I Am; I Am Not
“I am here, and I am not here,” twenty-two-year-old Isidro says, shrugging his shoulders. “I want to study and be someone in life. I want to have a career.” He sits on the front porch of his family home in southern Dominican Republic. His mother stands nearby. Isidro’s parents were born in Haiti, but have not set foot there in fifty years. The Dominican Republic is their home. All ten of their children, including Isidro, were born here, as well as several grandchildren. When Isidro turned eighteen, he entered the local office of the Junta Central Electoral to request a copy of his birth certificate. The copy was required to apply for a National ID card (or cedula) and to apply for university. His request was denied and all of his documents kept under investigation. Why? Because his parents were Haitian, and new laws defined him as a foreigner. He walked out of the office, numb. Four years later, he remains stateless, without valid documents, unable to go to school or seek legal employment. His options are limited to working odd jobs, off the books, making whatever money he can. “I’m Dominican. I don’t know Haiti. Now I just exist, but I am fighting,” he says. “When you have documents, things change. The dreams you have come alive. But when they deny you documents, it is like they have tossed you away. They destroy you. They bury you in this life.”
"This country was made by sugar and we are the ones who have always worked like animals to cut it. But to this country and the people that lead this country we don't exist anymore.
For much of the twentieth century, hundreds of thousands of ethnic Haitians have lived in the Dominican Republic, where they have played an integral part in the country’s development. Yet their lives have been haunted for almost a century by racism and discriminatory policies originating from the highest levels of the Dominican government.
For decades, Haitians were brought to the country to work as cane cutters on sugarcane plantations. They lived in remote, slum-like bateyes and were issued a company ID, called a ficha. Dominican authorities accepted the ficha as a form of identification and for registering births. Over time, workers permanently settled in the country, started families and lost all ties to Haiti. As the sugar industry declined, many lost their jobs and have since been denied pensions. Their children were born on Dominican soil, grew up believing they were Dominican, worked as Dominicans in tourism or construction, only to have discrimination and politics strip them of their identity, rights and dreams.
"We keep working because we receive no pension. The old work until they die and the company provides a coffin."
For years, many children of Haitian descent born on Dominican soil often received Dominican citizenship. They received birth certificates, cedulas and passports and had access to schools, jobs and other social services. This started to change in 2004, when migration laws were amended to redefine Dominican nationality and exclude the Haitian community. The new migration law caused outrage and in 2005, the Inter-American Court of Human Rights found the actions of the Dominican government discriminatory and directed the government to change its policies. Claiming that issues of citizenship and nationality were the sovereign right of the state, the government rejected the legitimacy of the court’s decision.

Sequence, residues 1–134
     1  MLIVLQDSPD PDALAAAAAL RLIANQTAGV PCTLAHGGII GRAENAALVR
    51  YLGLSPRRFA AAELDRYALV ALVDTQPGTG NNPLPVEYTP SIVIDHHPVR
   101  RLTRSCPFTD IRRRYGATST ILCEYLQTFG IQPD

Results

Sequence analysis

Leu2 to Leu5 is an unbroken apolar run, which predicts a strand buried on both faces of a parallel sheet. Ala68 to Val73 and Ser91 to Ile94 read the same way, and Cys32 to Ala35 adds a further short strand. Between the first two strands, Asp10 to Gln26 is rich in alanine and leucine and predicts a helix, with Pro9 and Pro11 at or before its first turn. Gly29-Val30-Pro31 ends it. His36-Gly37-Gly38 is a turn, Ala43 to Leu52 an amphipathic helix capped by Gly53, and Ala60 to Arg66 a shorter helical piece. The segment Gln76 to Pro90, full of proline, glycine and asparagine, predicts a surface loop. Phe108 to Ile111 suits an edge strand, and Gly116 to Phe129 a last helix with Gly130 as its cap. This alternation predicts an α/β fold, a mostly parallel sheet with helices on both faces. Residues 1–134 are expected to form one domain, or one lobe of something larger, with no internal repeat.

Two years later, in 2007, registration officials throughout the country were ordered to withhold copies of birth certificates and identity documents from children of “foreign parents”—Haitians. Since then, thousands have been denied legal identities and the documents required to move forward with their educations and lives. A change to the Dominican constitution in 2010 was then followed by a landmark decision by the Dominican Constitutional Court in 2013, which retroactively stripped citizenship away from any person born to migrant parents in the country since 1929. The decision denationalized hundreds of thousands, and was yet another legal tactic by the government to systematically discriminate against Dominicans of Haitian descent and deprive them of rights, citizenship and their place in Dominican society.
“By saying we are Dominican we are not denying our descent. We are only proclaiming our rights…our right for a name and a nationality. It is the duty of the country to know and see us as Dominican without denying we are of Haitian descent.”
It is early morning in the batey Altagracia. One by one, children walk down dirt paths leading to an open space in front of the small community school. Several minutes later, the first teacher arrives, then another and another. The students take their book bags into school and then congregate again outside. They stand in orderly single-file rows according to age and grade. The morning sun shines in their faces. A young boy clips the Dominican national flag onto the rope of the flagpole. Slowly the flag begins to rise and the children recite the Dominican Pledge of Allegiance. They recite it in Spanish. They think in Spanish. Haitian Creole is a foreign language most do not understand. Just as the flag makes its final ascent to the top of the flagpole, the pledge is finished. A moment of silence follows. The younger students quickly file back into school, eager for classes to begin. The older ones in the eighth grade move slower. Most will never see ninth grade because they’ll need documents which can only be issued by visiting the local office of the Junta Central Electoral. Such a visit will have a predictable outcome. Like Isidro, they will discover themselves standing at the edge of a cliff, looking out at an empty future, denied a place in the country of their birth.